Project Details

Description

A molecular-genetic approach is required to fully understand the complex developmental and physiological processes that occur within a mammalian organism. The mutation at the mouse pygmy locus leads to a disruption of the overall pattern of growth and development and gives rise to mice that are miniature in size. The aim of this proposal is to continue and expand the studies on the pygmy locus which has been cloned via insertional mutagenesis in transgenic mice. The experimental approach will be to further characterize this mutation at the phenotypic and molecular level. A detailed histological analysis of the hypothalamus, pituitary, thyroid and adrenal will be carried out since this axis seems to be perturbed in the mutants. The hormone levels secreted by these tissues and those involved in growth will also be thoroughly investigated. The initial aim of the molecular biology experiments will be to isolate the pygmy gene product. This will be achieved by cloning the normal locus and isolating conserved single copy sequences between different species. These sequences will then by hybridized with RNa isolated from embryos at various developmental stages and different adult tissues. A cDNA library will be constructed form the appropriate expressing tissue and the whole coding region isolated, sequenced and used to investigate the developmental and tissue specific expression of the gene. The protein will be overexpressed in E. coli and antibodies generated to elucidate the cellular localization of the protein. Gene therapy and gene disruption experiments will prove unequivocally if the isolated gene is actually responsible for the dwarf phenotype. Finally, the homologous gene from humans will be isolated and used to see if there s a mutation in families suffering from non growth hormone- deficient dwarf syndromes. The eventual aim of these studies is to attempt to understand the physiological role of the pygmy gene product in growth and development. In addition, these investigations will determine the utility of the mutant mice as molecularly authentic murine analogs of non growth hormone- deficient human dwarf syndromes.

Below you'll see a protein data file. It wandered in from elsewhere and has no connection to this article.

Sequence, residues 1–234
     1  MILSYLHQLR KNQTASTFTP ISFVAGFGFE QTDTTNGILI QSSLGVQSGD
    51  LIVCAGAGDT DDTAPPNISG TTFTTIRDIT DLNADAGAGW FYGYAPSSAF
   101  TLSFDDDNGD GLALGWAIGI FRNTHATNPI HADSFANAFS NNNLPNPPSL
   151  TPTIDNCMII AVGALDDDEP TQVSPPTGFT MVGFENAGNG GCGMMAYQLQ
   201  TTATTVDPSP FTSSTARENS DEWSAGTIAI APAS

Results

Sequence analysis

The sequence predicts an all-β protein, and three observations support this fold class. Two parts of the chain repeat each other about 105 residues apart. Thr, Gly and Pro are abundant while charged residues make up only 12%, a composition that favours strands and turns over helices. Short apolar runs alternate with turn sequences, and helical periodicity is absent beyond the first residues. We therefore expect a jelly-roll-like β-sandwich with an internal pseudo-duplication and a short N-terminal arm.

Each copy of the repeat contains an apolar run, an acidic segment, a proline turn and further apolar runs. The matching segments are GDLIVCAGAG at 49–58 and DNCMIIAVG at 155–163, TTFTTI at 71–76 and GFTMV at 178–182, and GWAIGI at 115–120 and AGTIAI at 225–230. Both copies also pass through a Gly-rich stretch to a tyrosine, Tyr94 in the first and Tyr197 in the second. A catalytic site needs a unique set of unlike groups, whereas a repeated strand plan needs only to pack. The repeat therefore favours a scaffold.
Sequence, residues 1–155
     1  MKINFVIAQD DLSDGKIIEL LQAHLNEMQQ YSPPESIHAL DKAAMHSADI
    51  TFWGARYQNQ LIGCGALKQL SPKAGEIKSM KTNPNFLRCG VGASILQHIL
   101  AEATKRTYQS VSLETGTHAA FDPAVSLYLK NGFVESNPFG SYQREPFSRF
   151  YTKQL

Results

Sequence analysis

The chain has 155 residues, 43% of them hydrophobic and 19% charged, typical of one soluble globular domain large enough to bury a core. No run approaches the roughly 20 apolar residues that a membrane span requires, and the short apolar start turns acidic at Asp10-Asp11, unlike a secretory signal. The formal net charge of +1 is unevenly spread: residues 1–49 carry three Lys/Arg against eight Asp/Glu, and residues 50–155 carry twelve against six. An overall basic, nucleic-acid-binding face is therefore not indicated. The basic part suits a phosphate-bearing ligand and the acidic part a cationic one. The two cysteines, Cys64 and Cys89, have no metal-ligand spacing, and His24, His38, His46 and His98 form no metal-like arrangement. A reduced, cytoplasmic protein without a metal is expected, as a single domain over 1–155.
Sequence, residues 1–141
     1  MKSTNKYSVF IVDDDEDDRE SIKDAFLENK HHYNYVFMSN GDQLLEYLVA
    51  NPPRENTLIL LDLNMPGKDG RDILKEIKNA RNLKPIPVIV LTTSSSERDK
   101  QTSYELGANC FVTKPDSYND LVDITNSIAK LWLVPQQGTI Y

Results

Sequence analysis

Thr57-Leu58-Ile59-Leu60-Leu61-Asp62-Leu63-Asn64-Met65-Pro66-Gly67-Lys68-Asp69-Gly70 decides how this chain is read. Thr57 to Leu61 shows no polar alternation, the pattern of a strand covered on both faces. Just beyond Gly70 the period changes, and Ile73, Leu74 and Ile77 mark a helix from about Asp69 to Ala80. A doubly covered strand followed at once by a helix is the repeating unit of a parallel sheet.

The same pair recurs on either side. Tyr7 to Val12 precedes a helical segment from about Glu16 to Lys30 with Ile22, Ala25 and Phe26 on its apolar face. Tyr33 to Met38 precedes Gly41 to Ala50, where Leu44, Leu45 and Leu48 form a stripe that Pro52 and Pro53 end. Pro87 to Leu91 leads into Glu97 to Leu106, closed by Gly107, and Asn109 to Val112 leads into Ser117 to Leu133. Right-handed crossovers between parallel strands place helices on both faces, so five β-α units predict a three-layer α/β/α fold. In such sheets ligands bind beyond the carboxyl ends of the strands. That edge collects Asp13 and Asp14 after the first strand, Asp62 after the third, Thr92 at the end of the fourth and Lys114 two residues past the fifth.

StatusFinished
Effective start/end date1/1/906/30/96

Funding

  • National Institute of General Medical Sciences

ASJC

  • Genetics
  • Molecular Biology

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